Mmm…donuts (drooling sound)”
-Homer J. Simpson
Donuts are not something I write about often, mostly because I rarely eat them. I indulge in sweets and junk food, but it’s limited–most of the food I ingest is healthy. I will, however, make exceptions for certain unhealthy delicacies.
When I was in Boston, I specifically went to jm Curley’s for the foie gras glazed jelly donut, which was served on a pedestal. I wasn’t hungry for dessert, but I just couldn’t pass it up, even if it was $6.
And when Voodoo Doughnut opened a location in Taipei, I was excited. I went there a few times to introduce friends to the crazy American donuts. Of course, that didn’t last long as Voodoo Doughnut shut down its only shop in Taiwan after about a year. But I still managed to try their signature voodoo doughnut and their 101 cream (it was probably just a renamed donut for the Taiwan market).
Search for food in Taichung
I attempted to plan my trip to Taichung a little better than I had planned some other trips. I used some Google skills to look for restaurant recommendations–I wanted to find something special and I didn’t care about the price. Unfortunately, most bloggers in Taiwan focus on street food or types of food that I have no interest in trying again. After tasting the recommended street food in Tainan, I was skeptical of those writers’ taste buds.
And then there’s TripAdvisor. It sucks in Taiwan. No, it’s worse than that. If you search for best restaurants in Taipei, about five of the top ten are Indian restaurants owned by the same people and Din Tai Fung shows up at least twice. There’s definitely more variety than that.
Everything I found that was interesting was non-Taiwanese cuisine, and most of the restaurants were far from where I’d be. Considering the heat while I was in Taichung, and the amount of time spent sweating outside, I think it was a good decision to skip the added travel time for those restaurants.
I was, however, convinced to make a trip to a dessert shop in the city. At first I blew off the recommendation, but I agreed to go after hearing more about CJSJ.
Best chocolate in town
CJSJ, as I was told, was started by French Michelin star pastry chef Soriano Joaquin. This little shop opens at 11 am and has a line down the street before it opens. And everything seems to sell out quickly.
By the time my travel companion and I made it to CJSJ in the afternoon before heading back to Taipei, there was no line and almost nothing left in the pastry case. At least we didn’t have to wait long for a seat upstairs with a wonderful view of the Calligraphy Greenway across the street.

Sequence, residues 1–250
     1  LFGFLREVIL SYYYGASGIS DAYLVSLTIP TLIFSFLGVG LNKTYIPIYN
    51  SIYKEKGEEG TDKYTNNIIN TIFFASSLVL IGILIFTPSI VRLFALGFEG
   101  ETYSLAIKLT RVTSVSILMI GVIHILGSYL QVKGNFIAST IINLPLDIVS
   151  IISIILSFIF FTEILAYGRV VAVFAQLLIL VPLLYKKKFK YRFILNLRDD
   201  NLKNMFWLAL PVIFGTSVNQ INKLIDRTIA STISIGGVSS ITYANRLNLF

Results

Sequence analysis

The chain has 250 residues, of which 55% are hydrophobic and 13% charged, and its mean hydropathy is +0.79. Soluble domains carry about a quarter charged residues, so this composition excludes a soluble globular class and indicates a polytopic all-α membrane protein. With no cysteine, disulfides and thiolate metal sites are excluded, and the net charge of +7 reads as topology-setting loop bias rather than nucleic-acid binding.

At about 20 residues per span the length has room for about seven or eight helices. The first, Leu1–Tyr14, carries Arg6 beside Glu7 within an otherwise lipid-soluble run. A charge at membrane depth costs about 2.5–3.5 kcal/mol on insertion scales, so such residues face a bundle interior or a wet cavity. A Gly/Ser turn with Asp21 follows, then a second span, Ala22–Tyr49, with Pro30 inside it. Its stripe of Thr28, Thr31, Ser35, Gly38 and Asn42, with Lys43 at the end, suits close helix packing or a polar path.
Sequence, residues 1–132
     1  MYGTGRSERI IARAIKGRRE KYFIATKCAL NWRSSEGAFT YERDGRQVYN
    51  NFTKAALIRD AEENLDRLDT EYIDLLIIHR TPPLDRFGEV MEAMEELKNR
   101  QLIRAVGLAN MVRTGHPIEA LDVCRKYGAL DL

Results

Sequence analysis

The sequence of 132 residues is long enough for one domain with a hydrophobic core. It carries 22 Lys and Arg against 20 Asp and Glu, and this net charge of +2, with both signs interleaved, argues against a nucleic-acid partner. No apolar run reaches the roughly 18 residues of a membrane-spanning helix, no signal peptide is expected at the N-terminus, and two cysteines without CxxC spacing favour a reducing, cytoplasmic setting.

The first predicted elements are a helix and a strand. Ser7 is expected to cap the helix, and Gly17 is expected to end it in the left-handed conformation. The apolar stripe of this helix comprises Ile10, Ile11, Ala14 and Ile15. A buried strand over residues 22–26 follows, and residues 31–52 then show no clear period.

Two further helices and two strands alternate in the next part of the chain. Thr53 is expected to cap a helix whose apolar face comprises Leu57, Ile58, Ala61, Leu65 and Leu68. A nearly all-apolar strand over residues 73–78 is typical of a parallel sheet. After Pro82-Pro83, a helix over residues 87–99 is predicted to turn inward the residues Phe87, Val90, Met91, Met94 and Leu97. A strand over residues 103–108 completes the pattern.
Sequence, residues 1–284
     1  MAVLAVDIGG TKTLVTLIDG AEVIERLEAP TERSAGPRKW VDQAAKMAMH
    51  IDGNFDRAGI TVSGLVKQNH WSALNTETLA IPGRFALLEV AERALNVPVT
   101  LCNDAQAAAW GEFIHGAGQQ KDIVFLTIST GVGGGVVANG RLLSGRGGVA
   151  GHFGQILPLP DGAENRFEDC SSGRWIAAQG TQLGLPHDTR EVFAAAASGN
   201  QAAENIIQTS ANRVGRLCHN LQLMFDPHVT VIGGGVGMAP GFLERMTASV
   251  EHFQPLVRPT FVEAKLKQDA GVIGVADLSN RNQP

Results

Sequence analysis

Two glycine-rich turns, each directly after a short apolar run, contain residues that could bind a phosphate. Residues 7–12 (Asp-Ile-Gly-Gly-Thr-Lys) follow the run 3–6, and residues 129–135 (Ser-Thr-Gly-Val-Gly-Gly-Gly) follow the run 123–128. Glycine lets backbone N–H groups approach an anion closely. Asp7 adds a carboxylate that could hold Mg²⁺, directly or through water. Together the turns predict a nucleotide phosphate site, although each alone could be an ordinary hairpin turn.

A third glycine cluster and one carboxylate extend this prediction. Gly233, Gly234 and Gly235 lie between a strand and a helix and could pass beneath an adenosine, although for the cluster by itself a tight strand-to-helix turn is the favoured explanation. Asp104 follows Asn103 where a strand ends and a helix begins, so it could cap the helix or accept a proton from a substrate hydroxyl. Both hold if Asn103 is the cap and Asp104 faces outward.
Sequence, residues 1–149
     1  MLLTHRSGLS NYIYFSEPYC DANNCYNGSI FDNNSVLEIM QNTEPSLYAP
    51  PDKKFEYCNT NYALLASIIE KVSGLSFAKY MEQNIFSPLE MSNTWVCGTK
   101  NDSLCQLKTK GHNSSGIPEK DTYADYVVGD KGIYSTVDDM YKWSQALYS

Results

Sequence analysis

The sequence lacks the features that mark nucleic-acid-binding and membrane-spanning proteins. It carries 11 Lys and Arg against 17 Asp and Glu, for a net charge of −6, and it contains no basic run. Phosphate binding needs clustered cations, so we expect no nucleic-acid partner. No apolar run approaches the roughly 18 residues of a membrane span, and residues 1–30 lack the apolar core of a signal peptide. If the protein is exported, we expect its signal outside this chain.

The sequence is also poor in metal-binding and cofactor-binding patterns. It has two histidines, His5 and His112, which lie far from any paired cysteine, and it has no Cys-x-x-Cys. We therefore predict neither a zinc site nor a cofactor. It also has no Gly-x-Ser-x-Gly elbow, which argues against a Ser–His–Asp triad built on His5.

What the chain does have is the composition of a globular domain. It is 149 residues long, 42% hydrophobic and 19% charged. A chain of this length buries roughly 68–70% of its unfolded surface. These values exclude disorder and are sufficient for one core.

The shop is known for it’s small chocolate buttons, which cost NT$75 each (little more than $2). They are beautiful to look at–works of art in a tiny piece of chocolate. It’s a hard outer shell with flavored liquid chocolate inside. I wasn’t interested in these, but after trying one I was tempted to get more (my wallet said otherwise).
I ended up ordering a cake-like thing that reminded me of a circus. It was actually a bit bland, though the jam inside was terrific (if only there were more of that to go with the dry cake).
And, finally, my companion and I split a donut. At NT$175, it was comparable in price to that delicious donut I ordered in Boston; therefore, I had to compare the quality as well. I was disappointed that there was not special presentation like I had in Boston.
There are two things that make this donut worthwhile–the chocolate and the gold flakes. The chocolate is the same as those buttons I mentioned–hard shell and near-liquid inside. The gold flakes just make it sparkle, so you can show off to your friends with it the same way you did when you drank Goldschläger before you could legally drink.
On a side note, the chocolates as well as the donut should not be cut when shared. It just makes a mess.
I would still recommend going to CJSJ if you’re in Taichung, but definitely get there earlier than I did. I’m sure there are much better pastries and chocolates that get sold out regularly. Also, don’t expect a great cup of coffee despite the price, but I needed something to balance out all that sugar I consumed.